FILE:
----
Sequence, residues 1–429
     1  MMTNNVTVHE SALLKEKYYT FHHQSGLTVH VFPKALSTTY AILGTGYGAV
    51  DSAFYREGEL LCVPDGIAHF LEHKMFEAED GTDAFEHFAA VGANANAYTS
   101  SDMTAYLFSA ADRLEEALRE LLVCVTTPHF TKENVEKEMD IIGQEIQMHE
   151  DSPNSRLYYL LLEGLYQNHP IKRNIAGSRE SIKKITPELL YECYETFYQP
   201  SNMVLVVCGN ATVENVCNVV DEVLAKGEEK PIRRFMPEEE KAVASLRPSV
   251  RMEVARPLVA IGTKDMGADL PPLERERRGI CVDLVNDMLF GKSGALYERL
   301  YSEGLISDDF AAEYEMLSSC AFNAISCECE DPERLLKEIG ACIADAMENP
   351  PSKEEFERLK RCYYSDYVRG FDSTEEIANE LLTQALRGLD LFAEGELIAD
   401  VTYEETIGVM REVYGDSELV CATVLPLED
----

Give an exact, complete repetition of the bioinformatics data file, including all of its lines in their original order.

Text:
Sequence, residues 1–429
     1  MMTNNVTVHE SALLKEKYYT FHHQSGLTVH VFPKALSTTY AILGTGYGAV
    51  DSAFYREGEL LCVPDGIAHF LEHKMFEAED GTDAFEHFAA VGANANAYTS
   101  SDMTAYLFSA ADRLEEALRE LLVCVTTPHF TKENVEKEMD IIGQEIQMHE
   151  DSPNSRLYYL LLEGLYQNHP IKRNIAGSRE SIKKITPELL YECYETFYQP
   201  SNMVLVVCGN ATVENVCNVV DEVLAKGEEK PIRRFMPEEE KAVASLRPSV
   251  RMEVARPLVA IGTKDMGADL PPLERERRGI CVDLVNDMLF GKSGALYERL
   301  YSEGLISDDF AAEYEMLSSC AFNAISCECE DPERLLKEIG ACIADAMENP
   351  PSKEEFERLK RCYYSDYVRG FDSTEEIANE LLTQALRGLD LFAEGELIAD
   401  VTYEETIGVM REVYGDSELV CATVLPLED